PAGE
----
Security DevCenter
oreilly.comSafari Books Online.Conferences.

advertisement




Network Tool Development with hping3
Pages: 1, 2, 3

What particular limit or feature does the language itself bring?

One of the best features that Tcl gives you is that you can specialize it so much to have a domain-specific language designed to play with packets. The limitation of all this flexibility is speed. For example, in theory you can use hping3 to write a firewalling engine, but in reality you can't go beyond a "prototype" because a firewall needs to be fast.

How does the TCL scripting engine communicate with the C core?

Related Reading

Network Security Assessment
Know Your Network
By Chris McNab

Tcl is designed to communicate with C, so it's pretty simple. The entire hping engine is exported to Tcl as a single Tcl command, so hping3 scripts are just Tcl scripts with a unique new command able to do a lot of new things related to packets and TCP/IP that are not possible with plain Tcl.

How does the C core work?

The C core is the sum of the hping2 code, used to provide command-line compatibility in this initial stage, and the new hping3 code. I'll focus on the latter. The core is comprised of different layers; the first layer is called ARS, which provides low-level packet construction and analysis. It works describing packets as different layers. For example, a packet can have two layers: IP and TCP. These layers are then "compiled"--the compilation will take care of computing checksums and dependencies between layers, so that, for example, the IP layer will get the total length field set according to the following layers, and so on. This way users of the library don't need to do too much and can just create a packet adding layers, and finally compiling the packet. The packet can be created as you like, but still the checksums, option paddings, and lengths will be OK. As I stated, ARS is also able to do the reverse--given a binary packet, it can be split into layers, modified, and then recompiled and possibly re-sent.

The higher level API is APD (ARS packet description). Basically this layer uses strings to represent ARS layers, so complex packets can be generated starting from human readable descriptions of layers like ip{saddr=1.2.3.4,daddr=5.6.7.8}+icmp{type=3,code=3} and so on, or binary packets can be translated into the string representation.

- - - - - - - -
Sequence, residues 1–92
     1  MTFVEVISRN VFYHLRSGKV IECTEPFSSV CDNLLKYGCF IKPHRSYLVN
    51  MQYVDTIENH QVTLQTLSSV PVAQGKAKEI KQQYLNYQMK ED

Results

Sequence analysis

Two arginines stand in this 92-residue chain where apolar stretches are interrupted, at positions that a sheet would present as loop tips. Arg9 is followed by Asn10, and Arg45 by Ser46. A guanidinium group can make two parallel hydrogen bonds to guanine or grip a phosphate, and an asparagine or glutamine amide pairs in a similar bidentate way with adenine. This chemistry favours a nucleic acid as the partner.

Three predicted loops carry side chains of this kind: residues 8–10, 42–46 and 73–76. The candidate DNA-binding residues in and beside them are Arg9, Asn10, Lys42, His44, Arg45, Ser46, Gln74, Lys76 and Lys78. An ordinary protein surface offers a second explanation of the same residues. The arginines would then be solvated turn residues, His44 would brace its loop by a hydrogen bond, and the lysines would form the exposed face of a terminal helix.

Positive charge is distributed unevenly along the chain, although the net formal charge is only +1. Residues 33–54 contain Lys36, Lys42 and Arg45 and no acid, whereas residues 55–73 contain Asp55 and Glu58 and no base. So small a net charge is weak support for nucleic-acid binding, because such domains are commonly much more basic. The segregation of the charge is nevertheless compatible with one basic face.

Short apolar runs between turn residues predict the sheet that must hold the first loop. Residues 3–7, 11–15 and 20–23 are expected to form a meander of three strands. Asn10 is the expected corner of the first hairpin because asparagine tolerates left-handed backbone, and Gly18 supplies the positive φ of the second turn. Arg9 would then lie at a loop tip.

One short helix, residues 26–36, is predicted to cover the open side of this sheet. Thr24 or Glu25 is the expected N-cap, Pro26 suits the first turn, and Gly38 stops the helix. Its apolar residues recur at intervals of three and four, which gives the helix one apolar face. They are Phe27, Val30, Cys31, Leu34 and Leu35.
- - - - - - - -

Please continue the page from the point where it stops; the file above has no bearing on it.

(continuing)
Given that APD packets are just strings, they are very natural to bind to Tcl, which is a language mainly based on strings.

Does hping3 take advantage of multi-CPU hardware?

No, for now at least, but there aren't plans to add support for threads because Tcl is mainly event driven in design. (Actually, Tcl is able to support threads pretty well; I just like more the event-driven way.)

I saw a lot of names in the credits page; could you tell us who did what?

Most of the contributions are limited to bug fixes or the addition of minor features, so I don't remember exactly who did what, with the exception of Nicolas Jombart, who provided significant help and code for the BSD port.

I tested hping3-alpha2 on FreeBSD and OpenBSD, and I found out that some scripts and docs are completely Linux oriented. Can we say that there's space in the development team for some BSD experts to improve the portability, especially on *BSD systems?

The goal of hping3 is to fully support at least Linux, *BSD, and Mac OS X. Currently most of the work is focused on Linux because that's the main development platform I use, but as happened for hping2, the BSD port will become more stable after some time. Actually hping3 is already working on BSD and Mac OS X, but there was far less testing on those platforms--what I mean is that most of the BSD port is already in the source code.

Do you plan to port hping3 to commercial systems like Solaris, Mac OS X, and Windows?

OS X for sure; it already works as well as the BSD port itself. I received some reports that hping3 is almost working on Solaris, which will eventually be semi-supported, but we will never claim to aim for Solaris support. Windows is a much more interesting target because of the big user base, and because there is already a working hping2 port (wiki.hping.org is where to go if you want to try it in your Win32 box), and most of hping3's OS-dependent code is either on the Tcl side, which is perfectly supported on Win32, or in functions for packet transmission and reception that can be easily extracted from hping2.

Are you looking for any developer? Which area would you like to add manpower to?

Now that hping3 is a programming environment, I'm looking for developers to provide interesting scripts written utilizing hping3 itself. Another interesting area is IPv6. hping3 is based on the ARS library, which is designed to be modular, so adding IPv6 shouldn't be hard.

Do you plan to create a repository for .htcl scripts created by the community like Nessus does?

Yes, it's one of my main goals once hping3 is widely used enough.

I've read some short docs on wiki.hping.org and some in the hping tarball. Are you looking for people to write more extensive documentation?

Yes! The goal of the Wiki is just that, to build a collaborative site in order to document hping directly online.

When do you think that hping3 will be stable enough to be released? I'm a little suspect that the release process could require a mythological time like Doom 3 did.

[Laughing] Actually it has already taken a lot of time, but now it's in the classic 98 percent done stage. The last 2 percent is very hard to do, but I think that the next time I don't have a big workload it will take another little jump. I hope that in 6 to 12 months at most I'll find the time to push hping to 3.0 stable.

Pages: 1, 2, 3

Next Pagearrow






Sponsored by: